I first saw the news on Facebook: “Country singer Joey Martin Feek dead at 40 after cervical cancer battle.” I immediately felt my heart ache. I knew her time on Earth was coming to an end, but that doesn’t mean I was prepared to read that she had passed.
Like so many others, I started following Joey’s cancer journey when her husband Rory began documenting it on his blog, This Life I Live. The fact that Joey was battling cervical cancer grabbed my attention. Cervical cancer. The disease that took my mom and made me a motherless daughter.
From the beginning I have praised and thanked Rory for having the courage to tell Joey’s story. I even wrote a blog post in October about how much I admire Rory for what he has done for Joey. I never published that post, but one paragraph reads: “Cervical cancer does not discriminate. It does not care if you’re only 39 or if you have a newborn baby to care for. My heart aches for Joey, Rory and their family, but I am proud of this man for having the strength at the end of the day — after all the hospital stays, chemotherapy and sleepless nights — to write about what they are experiencing and share it with the world. Thank you, Rory, for putting a face to this cancer. A beautiful face, at that. Even through treatments and extreme exhaustion, as you’ve described in your blog, Joey is beautiful and her smile is radiant. I know it’s not your intention to specifically call attention to cervical cancer awareness, but sharing Joey’s journey has put it out there. Thank you.”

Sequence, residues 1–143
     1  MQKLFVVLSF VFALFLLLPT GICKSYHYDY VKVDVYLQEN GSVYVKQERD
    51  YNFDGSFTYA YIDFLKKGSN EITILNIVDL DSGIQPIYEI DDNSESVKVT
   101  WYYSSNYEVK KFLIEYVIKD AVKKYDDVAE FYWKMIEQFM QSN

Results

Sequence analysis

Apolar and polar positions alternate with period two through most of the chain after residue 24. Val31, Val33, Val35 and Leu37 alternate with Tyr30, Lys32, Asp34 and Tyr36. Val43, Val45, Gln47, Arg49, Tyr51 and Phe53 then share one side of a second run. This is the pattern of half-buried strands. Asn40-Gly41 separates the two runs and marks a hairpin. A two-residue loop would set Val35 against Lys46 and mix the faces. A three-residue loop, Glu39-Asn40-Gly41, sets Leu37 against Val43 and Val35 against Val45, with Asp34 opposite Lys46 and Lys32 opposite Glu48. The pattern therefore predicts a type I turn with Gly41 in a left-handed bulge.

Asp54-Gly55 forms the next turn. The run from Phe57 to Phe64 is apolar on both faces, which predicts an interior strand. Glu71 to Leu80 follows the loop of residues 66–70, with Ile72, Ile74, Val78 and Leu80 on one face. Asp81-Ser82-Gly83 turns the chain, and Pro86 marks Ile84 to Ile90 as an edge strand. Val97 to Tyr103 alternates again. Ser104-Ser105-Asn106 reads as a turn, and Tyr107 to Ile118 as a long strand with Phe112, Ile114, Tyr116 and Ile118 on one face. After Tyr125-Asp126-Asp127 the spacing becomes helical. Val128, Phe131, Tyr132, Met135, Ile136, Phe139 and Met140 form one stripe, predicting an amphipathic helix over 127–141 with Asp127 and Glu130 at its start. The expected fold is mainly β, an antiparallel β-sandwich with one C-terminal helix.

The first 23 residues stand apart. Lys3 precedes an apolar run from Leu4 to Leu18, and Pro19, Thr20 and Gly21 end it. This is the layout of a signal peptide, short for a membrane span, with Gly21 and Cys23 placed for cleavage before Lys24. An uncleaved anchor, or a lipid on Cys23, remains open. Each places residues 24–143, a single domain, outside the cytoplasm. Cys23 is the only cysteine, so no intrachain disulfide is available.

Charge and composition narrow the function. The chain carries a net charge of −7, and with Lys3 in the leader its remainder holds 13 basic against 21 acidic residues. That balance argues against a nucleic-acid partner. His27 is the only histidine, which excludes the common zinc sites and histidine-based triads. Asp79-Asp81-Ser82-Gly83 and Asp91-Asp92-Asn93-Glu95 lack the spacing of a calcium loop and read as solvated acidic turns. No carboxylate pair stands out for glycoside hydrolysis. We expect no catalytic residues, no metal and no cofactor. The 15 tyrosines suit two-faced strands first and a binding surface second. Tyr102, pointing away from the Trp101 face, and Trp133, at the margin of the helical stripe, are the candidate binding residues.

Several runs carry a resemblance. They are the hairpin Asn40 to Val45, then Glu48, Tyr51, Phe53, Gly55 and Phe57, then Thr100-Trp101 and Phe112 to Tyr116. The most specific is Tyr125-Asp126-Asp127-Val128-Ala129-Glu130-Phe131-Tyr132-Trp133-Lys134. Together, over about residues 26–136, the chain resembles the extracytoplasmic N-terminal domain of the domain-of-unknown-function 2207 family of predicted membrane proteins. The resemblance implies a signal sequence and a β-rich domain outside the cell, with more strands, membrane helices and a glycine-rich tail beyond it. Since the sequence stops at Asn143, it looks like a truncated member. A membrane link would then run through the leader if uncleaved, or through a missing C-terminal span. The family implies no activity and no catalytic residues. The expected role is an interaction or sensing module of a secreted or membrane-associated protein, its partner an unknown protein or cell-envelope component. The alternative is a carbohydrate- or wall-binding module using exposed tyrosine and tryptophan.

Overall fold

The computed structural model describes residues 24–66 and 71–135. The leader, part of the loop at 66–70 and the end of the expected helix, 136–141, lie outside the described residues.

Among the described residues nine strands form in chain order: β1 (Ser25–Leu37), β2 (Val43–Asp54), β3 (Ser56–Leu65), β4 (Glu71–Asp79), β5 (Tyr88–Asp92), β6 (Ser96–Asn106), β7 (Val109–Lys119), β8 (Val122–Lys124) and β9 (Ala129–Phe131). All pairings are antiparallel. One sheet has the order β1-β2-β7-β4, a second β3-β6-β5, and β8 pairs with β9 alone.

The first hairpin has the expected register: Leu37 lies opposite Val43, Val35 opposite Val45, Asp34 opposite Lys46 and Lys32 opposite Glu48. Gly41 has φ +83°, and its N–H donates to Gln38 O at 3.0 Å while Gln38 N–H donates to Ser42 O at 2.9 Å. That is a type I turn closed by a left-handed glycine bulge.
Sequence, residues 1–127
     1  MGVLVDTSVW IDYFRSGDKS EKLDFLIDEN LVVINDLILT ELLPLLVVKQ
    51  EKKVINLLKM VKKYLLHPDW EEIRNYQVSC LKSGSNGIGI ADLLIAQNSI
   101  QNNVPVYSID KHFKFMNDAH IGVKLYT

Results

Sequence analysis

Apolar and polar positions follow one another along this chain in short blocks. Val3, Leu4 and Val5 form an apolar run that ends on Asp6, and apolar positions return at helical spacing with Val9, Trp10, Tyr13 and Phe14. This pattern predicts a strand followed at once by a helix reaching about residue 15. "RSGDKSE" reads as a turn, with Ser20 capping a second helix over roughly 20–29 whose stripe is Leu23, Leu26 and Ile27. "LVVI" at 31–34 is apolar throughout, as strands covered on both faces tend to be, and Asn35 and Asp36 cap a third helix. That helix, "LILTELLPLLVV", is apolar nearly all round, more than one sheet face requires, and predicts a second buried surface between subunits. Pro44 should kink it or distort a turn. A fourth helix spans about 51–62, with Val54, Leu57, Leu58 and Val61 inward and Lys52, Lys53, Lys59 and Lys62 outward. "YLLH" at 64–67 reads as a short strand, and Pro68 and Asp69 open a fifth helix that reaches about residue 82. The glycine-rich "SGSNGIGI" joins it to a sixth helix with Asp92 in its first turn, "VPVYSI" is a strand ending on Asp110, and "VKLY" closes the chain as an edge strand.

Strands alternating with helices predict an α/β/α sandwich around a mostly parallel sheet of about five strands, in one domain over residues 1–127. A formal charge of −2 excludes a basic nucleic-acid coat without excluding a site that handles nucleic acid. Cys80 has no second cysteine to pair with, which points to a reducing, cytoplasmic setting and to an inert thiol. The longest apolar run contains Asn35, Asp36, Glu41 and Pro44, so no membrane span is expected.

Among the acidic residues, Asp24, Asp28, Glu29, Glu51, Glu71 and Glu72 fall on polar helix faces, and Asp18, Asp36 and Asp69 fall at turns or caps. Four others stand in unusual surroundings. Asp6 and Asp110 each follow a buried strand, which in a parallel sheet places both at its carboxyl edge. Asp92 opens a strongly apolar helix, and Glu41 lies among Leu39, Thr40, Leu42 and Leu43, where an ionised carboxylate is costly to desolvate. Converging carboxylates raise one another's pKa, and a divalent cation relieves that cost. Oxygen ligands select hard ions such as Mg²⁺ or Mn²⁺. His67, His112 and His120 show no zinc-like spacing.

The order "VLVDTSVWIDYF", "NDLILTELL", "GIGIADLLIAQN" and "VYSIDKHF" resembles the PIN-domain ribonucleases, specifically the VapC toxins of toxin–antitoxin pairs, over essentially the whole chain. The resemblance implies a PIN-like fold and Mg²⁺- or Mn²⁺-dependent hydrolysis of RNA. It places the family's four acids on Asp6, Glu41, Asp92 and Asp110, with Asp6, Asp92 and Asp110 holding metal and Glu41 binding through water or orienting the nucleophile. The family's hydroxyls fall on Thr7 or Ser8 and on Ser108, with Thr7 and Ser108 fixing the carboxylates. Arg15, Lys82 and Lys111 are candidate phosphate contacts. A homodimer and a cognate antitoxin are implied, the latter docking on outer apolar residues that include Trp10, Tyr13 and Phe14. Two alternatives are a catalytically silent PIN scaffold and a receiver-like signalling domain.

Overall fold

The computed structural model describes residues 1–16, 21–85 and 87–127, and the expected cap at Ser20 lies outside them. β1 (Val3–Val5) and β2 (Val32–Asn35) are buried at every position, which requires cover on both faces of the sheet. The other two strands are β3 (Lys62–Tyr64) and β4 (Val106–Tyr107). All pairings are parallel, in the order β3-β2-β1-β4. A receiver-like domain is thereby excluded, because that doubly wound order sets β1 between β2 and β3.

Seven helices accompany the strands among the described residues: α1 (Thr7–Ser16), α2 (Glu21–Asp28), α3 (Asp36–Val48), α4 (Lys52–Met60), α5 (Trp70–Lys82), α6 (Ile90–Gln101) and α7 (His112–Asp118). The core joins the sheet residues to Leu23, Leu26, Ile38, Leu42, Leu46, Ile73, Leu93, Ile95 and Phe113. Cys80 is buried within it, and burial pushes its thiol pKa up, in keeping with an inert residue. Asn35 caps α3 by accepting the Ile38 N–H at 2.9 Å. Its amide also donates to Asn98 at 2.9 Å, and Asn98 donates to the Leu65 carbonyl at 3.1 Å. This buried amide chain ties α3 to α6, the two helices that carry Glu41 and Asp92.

While I’ve read every post on Rory’s blog — some more than once — I almost didn’t read what he wrote about Joey’s passing because I knew it would make me cry. Joey’s journey has hit so close to home for me; at times I even felt like I was reliving my mom’s cancer journey through Rory’s blog posts. He has done a beautiful job telling their story, so I decided that I needed to see how he put her death into words; I needed to finish the chapter.
I was about eight paragraphs in when I read something that made me stop right where I was at. Rory said: “When a person has been through as much pain and struggle as Joey’s been through, you just want it to be over. You want them to not have to hurt anymore, more that you want them to stay with you. And so, it makes the hard job of saying goodbye just a little easier.”
I couldn’t believe it. Rory said exactly what I felt nearly seven years ago, but have rarely had the courage to say out loud.
My mom was hospitalized for a week before she finally passed away. When I look back on that time I remember how quickly her condition deteriorated. One day she was able to talk to us and the next day she was in a deep sleep. She had been in so much pain for so long — even before she was diagnosed she was hurting — and when we knew she was reaching the end of her journey here, those final days felt like a lifetime.
Like Rory, I just wanted it to be over. I wanted my mom to not hurt anymore. So, I prayed that Jesus would take her and heal her. I knew my time with her here had come to an end, but I also knew I would one day walk with her again in a place where cancer doesn’t exist. Rory is right, saying goodbye is a hard job, but I’m at ease knowing that my mom no longer feels any pain.
In his post, Rory also writes about how much Joey adored Dolly Parton, and he shares a special video Dolly made for Joey. This made me think of one of my favorite songs that Dolly recorded with Tammy Wynette and Loretta Lynn — “Let Her Fly.” The words of this song bring tears to my eyes each time I hear them because they remind me of my mom. Sometimes I listen to it when I’ve had a difficult day missing her and just need to cry. Given Joey’s love for Dolly, I think this a beautiful song to play for her, as well.
Fly high, Joey.